Some of the Disadvantages of Solar Energy

While it’s great to see more people understanding the importance of reducing their carbon footprint, it’s not always great to hear about the downsides of alternative energy.


The cost of solar energy continues to drop. Back in 2010, solar power systems cost around $15,000. And just two years later, that same system would cost around $9,000. The cost continues to decline because of technological improvements and increased competition. In 2015, solar power systems were estimated to cost $5,000 to $6,000. In some cases, you can even get a systems for free or with significant discounts.


Solar panels become more durable each year, and with good reason. As solar power systems become cheaper, it’s not hard to see why so many people are choosing to go solar. However, that doesn’t mean the panels are indestructible. Just because something is cheaper doesn’t always mean it’s good enough. For example, cheaper plastic water bottles have been known to break down over time into small, indestructible particles that float around in water bodies.


The efficiency of solar energy continues to improve. Back in 2010, solar panels only reached around 16-18% efficiency. However, today’s solar panels can reach around 24-26% efficiency. Additionally, some commercial-scale solar farms reach upwards of 30% efficiency. Efficiency improves because of technological innovation and increased competition. Not only does it make the process more cost-effective, but it also means we can generate more energy from the same source. For example, photovoltaic cells made of Cadmium Telluride are more efficient than traditional silicon cells.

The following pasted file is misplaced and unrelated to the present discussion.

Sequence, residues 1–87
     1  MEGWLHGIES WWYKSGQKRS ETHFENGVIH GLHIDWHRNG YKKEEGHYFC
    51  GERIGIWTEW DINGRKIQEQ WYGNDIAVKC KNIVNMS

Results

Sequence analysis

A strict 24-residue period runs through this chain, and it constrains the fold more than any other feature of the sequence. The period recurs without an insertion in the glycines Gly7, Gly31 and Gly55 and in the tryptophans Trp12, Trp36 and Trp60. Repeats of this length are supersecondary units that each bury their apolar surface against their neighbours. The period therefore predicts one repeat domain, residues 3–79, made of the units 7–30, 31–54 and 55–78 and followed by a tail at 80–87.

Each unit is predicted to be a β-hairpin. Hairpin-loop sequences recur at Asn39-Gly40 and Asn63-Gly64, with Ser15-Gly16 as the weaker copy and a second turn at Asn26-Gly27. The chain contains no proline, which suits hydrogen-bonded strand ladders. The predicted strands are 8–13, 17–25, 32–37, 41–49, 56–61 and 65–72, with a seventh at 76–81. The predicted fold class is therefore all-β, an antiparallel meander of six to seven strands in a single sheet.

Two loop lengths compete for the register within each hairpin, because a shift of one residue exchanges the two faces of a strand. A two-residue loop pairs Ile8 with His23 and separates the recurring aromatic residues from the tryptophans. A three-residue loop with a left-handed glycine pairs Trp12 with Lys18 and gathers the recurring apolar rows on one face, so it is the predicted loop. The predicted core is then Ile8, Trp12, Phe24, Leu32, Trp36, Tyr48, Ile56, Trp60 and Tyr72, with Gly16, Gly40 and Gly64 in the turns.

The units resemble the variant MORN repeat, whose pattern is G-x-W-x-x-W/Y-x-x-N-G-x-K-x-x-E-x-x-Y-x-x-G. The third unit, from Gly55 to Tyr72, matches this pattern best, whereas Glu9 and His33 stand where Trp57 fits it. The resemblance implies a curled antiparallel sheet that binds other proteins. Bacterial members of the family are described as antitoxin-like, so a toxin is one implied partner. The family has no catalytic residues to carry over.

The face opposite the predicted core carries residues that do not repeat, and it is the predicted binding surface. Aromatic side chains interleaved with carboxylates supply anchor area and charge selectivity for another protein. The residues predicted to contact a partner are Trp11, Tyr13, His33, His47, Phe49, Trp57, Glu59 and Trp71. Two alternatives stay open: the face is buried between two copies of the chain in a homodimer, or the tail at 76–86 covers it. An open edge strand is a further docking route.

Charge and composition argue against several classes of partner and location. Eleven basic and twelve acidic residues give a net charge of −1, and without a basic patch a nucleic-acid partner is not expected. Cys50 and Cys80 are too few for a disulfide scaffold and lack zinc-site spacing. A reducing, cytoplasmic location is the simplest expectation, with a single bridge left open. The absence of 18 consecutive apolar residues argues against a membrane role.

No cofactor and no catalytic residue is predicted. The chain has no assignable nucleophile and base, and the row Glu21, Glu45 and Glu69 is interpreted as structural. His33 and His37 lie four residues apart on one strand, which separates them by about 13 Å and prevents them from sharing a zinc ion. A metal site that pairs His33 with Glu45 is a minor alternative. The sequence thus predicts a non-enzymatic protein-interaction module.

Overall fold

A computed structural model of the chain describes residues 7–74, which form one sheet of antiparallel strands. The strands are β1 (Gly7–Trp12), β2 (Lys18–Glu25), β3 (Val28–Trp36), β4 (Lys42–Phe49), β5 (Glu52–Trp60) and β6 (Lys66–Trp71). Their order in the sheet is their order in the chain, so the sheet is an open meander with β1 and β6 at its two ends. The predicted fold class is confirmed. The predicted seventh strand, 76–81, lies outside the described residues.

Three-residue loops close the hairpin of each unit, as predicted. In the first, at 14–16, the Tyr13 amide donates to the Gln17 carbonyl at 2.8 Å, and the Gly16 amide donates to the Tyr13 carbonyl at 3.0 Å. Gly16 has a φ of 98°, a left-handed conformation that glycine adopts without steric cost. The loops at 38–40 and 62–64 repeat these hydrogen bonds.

Limited Availability

There are a limited number of sunshine hours each day, which means there are limited opportunities to generate electricity using the sun’s energy. For example, if you go outside and measure the amount of sunshine, you’ll see it rarely exceeds 10 hours per day in most places. That’s a lot of electricity you’re not going to be able to generate.


When the sun is shining, we can’t always be inside. That’s why it’s great that solar power systems offer mobility. Before solar power, we had to settle for whatever electricity the grid could provide us. But with solar panels, we can generate our own electricity wherever we go and use it however we please. That’s great if we want to go on a picnic or go for a bike ride, but it also means we have to find a suitable place for the panel each day. A lot of research goes into finding the best position for the solar panels depending on your environment and your needs.


Just because we live in a deregulated society doesn’t mean we want everything to be free. In some cases, there are also rules and regulations surrounding solar energy that need to be followed. In other words, it’s not always easy to just walk into a store and buy what you need when you need it.

Environmental & Social Issues

Going green is important. Not only does it help protect the environment, but it also provides us with a better quality of life. Going green also means reducing our carbon footprint, which means reducing our dependence on fossil fuels. While this is a great thing, it doesn’t always mean reducing our dependence on individual sources of energy.

There are a number of disadvantages to solar energy. But it’s important to remember that this is an alternative energy source we’re talking about. It’s not always the best option for everyone. For example, if you’re already paying for energy, it makes sense to stick with what you know. When the sun isn’t shining, we still need electricity and it’s not always easy to determine when the next solar eclipse will happen.

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